Does A Protection Order Still Apply If The Child Is Over 18?

divorce lawyer Alex DurstQuestion:

My ex-wife had a protection order for her and our child against me several years ago.

Now our child is 18, no longer lives with her mother, and has expressed interest in having me back in her life.

Is the protection order still in effect if the child is over 18 and is initiating contact with me?


I am unable to give you legal advice on divorce. I can give general divorce help for men, though, my knowledge is based on Ohio divorce laws where I am licensed to practice.

Before answering your question, I first want to emphasize how important it is to comply with an order of protection, which in my jurisdiction is referred to a Civil Protection Order (CPO). Violation of a CPO is taken very seriously by the police and can land you in jail.

To answer your question, whether you are barred from contact with your daughter depends on whether she was included on the CPO. Although this question cannot be answered without referring to the actual CPO issued against you, it appears from the information you provided that she was.

Assuming your daughter was included on the CPO, it will not matter that she has turned 18, at least according to my state’s laws. In my state, a parent can request a CPO on behalf of any “family or household member,” as that term is defined in the law (Ohio RC §3113.31), which includes a child over 18.

If you wish to be able to spend time with your child, the proper procedure would be to file a Motion to Modify.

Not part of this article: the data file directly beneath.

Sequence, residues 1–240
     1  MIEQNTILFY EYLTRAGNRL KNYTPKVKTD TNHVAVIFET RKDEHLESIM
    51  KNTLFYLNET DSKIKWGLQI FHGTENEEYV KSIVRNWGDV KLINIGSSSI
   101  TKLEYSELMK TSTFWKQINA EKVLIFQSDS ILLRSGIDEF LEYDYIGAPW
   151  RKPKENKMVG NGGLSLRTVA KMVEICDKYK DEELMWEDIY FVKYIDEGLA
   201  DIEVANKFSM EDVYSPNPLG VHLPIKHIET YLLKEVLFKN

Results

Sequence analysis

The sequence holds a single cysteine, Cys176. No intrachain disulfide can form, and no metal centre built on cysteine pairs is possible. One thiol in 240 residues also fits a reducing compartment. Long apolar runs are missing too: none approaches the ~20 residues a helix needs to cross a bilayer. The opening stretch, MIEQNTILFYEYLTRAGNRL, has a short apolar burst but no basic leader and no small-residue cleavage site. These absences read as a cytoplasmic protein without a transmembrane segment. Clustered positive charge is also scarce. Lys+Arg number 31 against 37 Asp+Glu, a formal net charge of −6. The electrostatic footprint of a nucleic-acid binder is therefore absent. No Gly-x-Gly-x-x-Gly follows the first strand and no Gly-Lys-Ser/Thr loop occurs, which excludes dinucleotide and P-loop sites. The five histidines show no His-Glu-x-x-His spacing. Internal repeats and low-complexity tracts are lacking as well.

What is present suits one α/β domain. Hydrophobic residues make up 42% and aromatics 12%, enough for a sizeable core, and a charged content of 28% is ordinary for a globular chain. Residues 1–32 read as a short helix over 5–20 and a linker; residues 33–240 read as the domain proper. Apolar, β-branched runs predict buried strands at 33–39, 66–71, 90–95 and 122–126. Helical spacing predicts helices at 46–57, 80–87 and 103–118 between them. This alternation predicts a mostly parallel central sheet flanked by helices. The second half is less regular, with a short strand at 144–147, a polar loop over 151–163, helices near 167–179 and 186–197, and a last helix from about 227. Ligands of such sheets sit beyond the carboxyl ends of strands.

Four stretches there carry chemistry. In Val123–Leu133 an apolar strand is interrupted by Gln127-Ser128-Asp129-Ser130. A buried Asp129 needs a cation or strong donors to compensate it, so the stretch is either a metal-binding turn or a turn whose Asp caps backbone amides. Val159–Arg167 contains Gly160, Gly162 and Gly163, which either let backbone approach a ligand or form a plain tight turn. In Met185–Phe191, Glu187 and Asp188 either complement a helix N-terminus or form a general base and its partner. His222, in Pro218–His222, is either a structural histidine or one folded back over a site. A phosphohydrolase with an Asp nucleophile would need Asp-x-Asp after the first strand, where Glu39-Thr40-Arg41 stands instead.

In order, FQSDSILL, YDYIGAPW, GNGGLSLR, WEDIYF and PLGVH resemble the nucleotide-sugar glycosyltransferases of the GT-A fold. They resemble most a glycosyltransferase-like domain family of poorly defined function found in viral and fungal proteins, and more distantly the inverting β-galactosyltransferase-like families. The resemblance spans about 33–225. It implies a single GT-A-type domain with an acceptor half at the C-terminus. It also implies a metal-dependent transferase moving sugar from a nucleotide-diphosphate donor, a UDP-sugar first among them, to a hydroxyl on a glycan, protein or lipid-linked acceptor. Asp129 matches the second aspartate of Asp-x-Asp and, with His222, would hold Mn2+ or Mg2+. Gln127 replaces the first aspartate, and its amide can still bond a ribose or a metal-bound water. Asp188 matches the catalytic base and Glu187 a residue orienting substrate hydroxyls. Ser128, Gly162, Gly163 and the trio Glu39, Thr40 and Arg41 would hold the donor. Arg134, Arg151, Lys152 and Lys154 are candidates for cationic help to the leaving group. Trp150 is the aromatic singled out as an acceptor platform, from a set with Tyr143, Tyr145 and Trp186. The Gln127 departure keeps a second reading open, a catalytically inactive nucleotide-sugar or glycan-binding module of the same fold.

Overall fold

To have a CPO modified or dismissed, the person who wants the modification or dismissal must file a written motion with the Clerk of Courts office in the county where the CPO was issued. A motion is sometimes described to people who do not have an attorney representing them as a “letter to the judge.”

Essentially, what you should include in the letter/motion is what you respectfully request that the court do (i.e., remove the CPO) and why it would be right for the court to do what you want (i.e., because you are not a threat to your child).

You should include as much information as possible about the factual background, such as why it is unfair for you to have a CPO against you and why it is unnecessary.

Make sure that the letter/motion is well-written and grammatically correct with no typos.

After receiving the letter/motion, the Clerk of Courts office should set the matter for a hearing before the assigned judge.

Remember, I am unable to provide you with anything more than divorce tips for men, so please consult with a divorce lawyer in your jurisdiction.

To arrange an initial consultation to discuss divorce rights for men with a Cordell & Cordell attorney, including Ohio Divorce Lawyer Alexander J. Durst, contact Cordell & Cordell.

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